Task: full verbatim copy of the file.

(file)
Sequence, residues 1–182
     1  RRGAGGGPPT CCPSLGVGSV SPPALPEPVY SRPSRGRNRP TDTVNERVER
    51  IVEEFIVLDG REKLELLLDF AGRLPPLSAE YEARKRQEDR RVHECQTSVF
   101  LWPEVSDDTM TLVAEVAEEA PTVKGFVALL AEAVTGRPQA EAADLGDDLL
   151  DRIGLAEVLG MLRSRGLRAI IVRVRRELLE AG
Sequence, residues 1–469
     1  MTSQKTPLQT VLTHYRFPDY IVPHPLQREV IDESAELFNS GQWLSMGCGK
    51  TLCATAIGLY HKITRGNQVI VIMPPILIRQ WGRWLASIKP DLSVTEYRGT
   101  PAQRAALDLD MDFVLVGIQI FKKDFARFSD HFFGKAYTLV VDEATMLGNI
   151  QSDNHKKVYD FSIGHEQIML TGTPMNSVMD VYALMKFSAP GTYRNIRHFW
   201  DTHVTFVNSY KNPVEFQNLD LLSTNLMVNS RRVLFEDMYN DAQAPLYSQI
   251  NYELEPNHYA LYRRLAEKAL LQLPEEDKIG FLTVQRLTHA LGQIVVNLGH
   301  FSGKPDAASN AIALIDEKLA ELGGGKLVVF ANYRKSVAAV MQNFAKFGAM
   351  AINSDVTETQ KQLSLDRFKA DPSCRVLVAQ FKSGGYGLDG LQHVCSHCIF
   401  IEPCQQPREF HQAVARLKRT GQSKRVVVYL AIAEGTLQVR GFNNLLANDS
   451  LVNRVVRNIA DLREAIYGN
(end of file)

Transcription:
Sequence, residues 1–182
     1  RRGAGGGPPT CCPSLGVGSV SPPALPEPVY SRPSRGRNRP TDTVNERVER
    51  IVEEFIVLDG REKLELLLDF AGRLPPLSAE YEARKRQEDR RVHECQTSVF
   101  LWPEVSDDTM TLVAEVAEEA PTVKGFVALL AEAVTGRPQA EAADLGDDLL
   151  DRIGLAEVLG MLRSRGLRAI IVRVRRELLE AG
Sequence, residues 1–469
     1  MTSQKTPLQT VLTHYRFPDY IVPHPLQREV IDESAELFNS GQWLSMGCGK
    51  TLCATAIGLY HKITRGNQVI VIMPPILIRQ WGRWLASIKP DLSVTEYRGT
   101  PAQRAALDLD MDFVLVGIQI FKKDFARFSD HFFGKAYTLV VDEATMLGNI
   151  QSDNHKKVYD FSIGHEQIML TGTPMNSVMD VYALMKFSAP GTYRNIRHFW
   201  DTHVTFVNSY KNPVEFQNLD LLSTNLMVNS RRVLFEDMYN DAQAPLYSQI
   251  NYELEPNHYA LYRRLAEKAL LQLPEEDKIG FLTVQRLTHA LGQIVVNLGH
   301  FSGKPDAASN AIALIDEKLA ELGGGKLVVF ANYRKSVAAV MQNFAKFGAM
   351  AINSDVTETQ KQLSLDRFKA DPSCRVLVAQ FKSGGYGLDG LQHVCSHCIF
   401  IEPCQQPREF HQAVARLKRT GQSKRVVVYL AIAEGTLQVR GFNNLLANDS
   451  LVNRVVRNIA DLREAIYGN